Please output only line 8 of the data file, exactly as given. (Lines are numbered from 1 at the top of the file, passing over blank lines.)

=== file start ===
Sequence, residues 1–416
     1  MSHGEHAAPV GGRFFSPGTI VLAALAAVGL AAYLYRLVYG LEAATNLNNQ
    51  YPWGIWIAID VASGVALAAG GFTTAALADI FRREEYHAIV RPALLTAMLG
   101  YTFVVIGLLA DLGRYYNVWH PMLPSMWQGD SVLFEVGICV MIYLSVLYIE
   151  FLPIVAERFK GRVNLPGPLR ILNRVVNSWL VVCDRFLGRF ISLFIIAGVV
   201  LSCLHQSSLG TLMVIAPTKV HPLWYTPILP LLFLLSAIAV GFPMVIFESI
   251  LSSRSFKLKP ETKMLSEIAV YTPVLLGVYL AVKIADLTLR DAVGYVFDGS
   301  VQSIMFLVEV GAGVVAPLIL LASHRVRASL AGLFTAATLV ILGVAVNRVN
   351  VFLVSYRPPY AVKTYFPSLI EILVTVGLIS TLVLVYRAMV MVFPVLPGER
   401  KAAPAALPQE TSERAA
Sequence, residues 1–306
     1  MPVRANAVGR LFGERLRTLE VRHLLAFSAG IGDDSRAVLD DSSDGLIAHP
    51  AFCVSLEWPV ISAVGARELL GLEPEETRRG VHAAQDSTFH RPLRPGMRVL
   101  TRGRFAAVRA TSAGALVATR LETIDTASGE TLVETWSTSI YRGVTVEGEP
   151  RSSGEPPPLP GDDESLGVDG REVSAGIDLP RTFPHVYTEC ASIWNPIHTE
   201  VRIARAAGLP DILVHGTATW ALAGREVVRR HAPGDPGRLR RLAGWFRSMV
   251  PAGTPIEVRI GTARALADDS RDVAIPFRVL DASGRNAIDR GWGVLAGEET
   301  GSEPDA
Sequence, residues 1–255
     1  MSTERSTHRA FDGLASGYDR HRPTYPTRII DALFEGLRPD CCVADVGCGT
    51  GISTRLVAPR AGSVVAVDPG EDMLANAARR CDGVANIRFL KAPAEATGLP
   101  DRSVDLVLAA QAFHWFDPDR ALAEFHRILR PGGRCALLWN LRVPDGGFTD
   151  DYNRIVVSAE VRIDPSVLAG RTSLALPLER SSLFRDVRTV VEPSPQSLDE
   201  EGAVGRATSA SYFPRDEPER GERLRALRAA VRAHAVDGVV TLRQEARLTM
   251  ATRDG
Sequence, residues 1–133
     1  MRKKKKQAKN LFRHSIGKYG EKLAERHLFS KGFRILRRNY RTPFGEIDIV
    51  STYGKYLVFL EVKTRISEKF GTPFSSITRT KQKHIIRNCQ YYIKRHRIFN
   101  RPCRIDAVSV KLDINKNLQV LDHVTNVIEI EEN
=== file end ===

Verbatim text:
   301  VQSIMFLVEV GAGVVAPLIL LASHRVRASL AGLFTAATLV ILGVAVNRVN